Only Indians consider deriding their industry a matter of pride. We have failed to appreciate our independence. An extremely sad state of affairs where we need to hold the hands of foreign interests for national security. I guess the leak of all operational data regarding the so-called “stealthy Scorpenes” for a fistful of dollars has not had any impact on the Indian defence establishment.
Sir….you have hit the nail on the head….but has this not been the story thus far. The DRDO…DPSUs all have been a failure (I would like to put this word in Upper Case)…barring for a few success stories that can be counted on ones finger-tips.
As a matter of interest…and pardon my ignorance….what do other nations like USA…Russia…China do when they design a carrier…..do they first think about the size and propulsion systems or do they think about the ac. In my opinion, it should be the former, the ac can then be decided later, even if entails modifying a shore-based ac.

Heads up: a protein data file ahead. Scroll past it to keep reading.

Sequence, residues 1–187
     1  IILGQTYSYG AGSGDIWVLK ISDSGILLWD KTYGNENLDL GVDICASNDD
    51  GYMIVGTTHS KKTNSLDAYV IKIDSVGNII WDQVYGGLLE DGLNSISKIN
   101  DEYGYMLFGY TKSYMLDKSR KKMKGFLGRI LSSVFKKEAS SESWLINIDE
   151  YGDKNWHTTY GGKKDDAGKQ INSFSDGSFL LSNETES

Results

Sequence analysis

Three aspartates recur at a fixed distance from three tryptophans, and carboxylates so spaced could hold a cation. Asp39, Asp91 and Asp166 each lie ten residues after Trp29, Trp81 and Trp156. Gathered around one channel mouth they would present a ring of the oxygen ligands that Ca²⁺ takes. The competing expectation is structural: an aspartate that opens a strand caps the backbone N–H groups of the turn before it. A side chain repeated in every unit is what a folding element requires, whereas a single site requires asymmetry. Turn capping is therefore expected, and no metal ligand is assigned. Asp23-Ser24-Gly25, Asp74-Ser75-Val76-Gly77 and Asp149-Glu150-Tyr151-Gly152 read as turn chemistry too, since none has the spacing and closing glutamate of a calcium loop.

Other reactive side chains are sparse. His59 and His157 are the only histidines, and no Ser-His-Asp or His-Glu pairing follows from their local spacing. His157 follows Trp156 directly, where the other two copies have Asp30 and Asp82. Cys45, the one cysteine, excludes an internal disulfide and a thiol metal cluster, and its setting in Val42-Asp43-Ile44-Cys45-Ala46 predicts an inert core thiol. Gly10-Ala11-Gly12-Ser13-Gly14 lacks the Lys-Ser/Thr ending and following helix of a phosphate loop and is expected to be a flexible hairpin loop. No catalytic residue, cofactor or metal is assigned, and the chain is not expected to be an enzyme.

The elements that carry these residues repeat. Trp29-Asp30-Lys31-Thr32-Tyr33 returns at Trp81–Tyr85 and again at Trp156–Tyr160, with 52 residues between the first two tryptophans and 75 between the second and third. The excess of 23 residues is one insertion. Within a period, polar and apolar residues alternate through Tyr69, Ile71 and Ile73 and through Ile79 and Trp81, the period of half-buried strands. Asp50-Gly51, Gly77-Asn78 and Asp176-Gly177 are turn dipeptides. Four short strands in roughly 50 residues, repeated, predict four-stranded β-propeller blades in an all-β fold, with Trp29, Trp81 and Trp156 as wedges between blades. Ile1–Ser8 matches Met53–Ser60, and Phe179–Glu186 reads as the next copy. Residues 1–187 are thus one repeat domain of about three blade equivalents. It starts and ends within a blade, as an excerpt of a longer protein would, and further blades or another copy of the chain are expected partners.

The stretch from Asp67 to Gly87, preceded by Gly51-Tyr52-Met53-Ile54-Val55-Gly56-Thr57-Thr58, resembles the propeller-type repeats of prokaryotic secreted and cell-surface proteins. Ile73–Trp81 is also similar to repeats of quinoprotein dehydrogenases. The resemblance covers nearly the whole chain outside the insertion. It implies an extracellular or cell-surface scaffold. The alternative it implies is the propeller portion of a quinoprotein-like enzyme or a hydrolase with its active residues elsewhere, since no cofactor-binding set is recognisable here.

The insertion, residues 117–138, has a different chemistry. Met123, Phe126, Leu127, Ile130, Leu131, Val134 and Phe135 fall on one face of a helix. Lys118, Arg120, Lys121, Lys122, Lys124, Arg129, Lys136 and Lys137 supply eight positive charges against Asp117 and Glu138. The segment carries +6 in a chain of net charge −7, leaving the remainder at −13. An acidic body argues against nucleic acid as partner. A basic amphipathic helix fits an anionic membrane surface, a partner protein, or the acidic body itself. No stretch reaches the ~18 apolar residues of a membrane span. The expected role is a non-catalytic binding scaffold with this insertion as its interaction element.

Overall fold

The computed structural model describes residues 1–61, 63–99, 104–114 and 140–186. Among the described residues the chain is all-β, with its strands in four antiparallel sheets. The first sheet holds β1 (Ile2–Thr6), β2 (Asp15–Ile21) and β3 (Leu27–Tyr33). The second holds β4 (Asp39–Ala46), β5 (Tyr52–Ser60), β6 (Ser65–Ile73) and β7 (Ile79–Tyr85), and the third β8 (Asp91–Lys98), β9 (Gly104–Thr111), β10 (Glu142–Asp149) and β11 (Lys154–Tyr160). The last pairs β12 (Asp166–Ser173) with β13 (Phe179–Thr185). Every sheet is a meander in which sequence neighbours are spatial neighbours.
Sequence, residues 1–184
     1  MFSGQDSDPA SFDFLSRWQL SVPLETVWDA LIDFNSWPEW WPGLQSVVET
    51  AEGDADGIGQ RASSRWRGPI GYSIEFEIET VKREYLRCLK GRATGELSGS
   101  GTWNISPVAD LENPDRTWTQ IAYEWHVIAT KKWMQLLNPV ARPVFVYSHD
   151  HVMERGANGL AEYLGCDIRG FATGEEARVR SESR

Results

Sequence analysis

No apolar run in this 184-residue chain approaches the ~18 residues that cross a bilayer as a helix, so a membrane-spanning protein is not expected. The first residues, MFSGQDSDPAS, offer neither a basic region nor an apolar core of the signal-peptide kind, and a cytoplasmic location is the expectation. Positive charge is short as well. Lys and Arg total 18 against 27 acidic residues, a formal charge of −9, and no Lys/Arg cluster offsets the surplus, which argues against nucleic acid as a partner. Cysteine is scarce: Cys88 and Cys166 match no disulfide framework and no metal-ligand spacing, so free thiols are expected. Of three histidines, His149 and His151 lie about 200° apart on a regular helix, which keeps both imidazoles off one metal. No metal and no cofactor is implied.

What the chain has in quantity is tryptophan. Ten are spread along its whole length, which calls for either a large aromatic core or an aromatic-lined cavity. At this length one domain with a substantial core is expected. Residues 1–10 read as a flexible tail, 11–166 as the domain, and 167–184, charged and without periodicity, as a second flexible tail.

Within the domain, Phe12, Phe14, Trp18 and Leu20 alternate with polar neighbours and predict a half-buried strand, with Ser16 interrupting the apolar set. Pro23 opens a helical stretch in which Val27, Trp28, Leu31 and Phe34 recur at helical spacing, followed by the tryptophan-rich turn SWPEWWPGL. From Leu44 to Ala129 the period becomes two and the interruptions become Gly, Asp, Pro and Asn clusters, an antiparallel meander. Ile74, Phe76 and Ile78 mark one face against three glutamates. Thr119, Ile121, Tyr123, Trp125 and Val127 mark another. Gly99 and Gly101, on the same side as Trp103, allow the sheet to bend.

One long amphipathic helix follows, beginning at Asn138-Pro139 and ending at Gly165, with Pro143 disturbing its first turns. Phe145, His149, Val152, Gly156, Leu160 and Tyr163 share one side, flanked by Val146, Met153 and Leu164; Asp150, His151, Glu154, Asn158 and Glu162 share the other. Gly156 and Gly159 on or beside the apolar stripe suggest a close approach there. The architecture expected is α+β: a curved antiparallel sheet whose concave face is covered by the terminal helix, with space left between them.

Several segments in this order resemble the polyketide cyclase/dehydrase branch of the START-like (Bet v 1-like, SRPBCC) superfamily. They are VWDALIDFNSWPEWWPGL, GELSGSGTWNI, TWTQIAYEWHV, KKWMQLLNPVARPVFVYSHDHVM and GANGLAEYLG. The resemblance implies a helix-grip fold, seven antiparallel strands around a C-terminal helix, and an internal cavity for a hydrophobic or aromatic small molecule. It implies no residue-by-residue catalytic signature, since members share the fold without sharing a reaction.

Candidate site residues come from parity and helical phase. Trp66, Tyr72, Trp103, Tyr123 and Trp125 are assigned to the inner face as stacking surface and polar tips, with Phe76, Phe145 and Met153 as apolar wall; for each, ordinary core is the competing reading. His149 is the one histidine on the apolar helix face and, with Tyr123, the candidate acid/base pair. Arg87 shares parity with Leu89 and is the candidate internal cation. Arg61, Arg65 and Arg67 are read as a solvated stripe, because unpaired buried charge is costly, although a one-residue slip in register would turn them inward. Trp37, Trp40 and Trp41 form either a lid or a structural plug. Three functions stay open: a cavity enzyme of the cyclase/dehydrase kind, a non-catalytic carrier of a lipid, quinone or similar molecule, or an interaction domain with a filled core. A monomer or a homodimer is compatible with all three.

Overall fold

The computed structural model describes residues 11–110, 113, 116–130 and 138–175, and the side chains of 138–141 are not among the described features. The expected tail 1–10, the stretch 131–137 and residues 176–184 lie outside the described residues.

Can the Navy able to convince the defense minister for the necessity of purchasing fighter plane from foreign countries for the aircraft carrier knowing well it is a white elephant? It is only a status simple. India is committed to “Loka Samastha Sukhino Bhavanthu” None of the Aircraft carrier, Warship, Frigates will and be able to escape from multiple missiles attacks and super cavitating torpedoes. In 1982 Falkland war the Exocet missiles that struck the Sheffield impacted on the starboard side at deck level 2, travelling through the junior ratings scullery and breaching the Forward Auxiliary Machinery Room/Forward Engine Room bulkhead 2.4 metres (7 ft 10 in) above the waterline, creating a hole in the hull roughly 1.2 by 3 metres (3.9 by 9.8 ft). It appears that the warhead did not explode. Accounts suggest that the initial impact of the missile disabled the ship’s electrical distribution systems and breached the pressurized sea water fire main, severely hampering any firefighting response and eventually dooming the ship to be consumed by the fire. The loss of Sheffield was a deep shock to the British public and government. Argentina did not get sufficient number of the missiles from France. This was the condition about 25 years back.The defense minister knows all these things. The USA, Russia, and China knows this and will avoid any direct confrontation. iF the Navy wants to use the Aircraft carrier developed by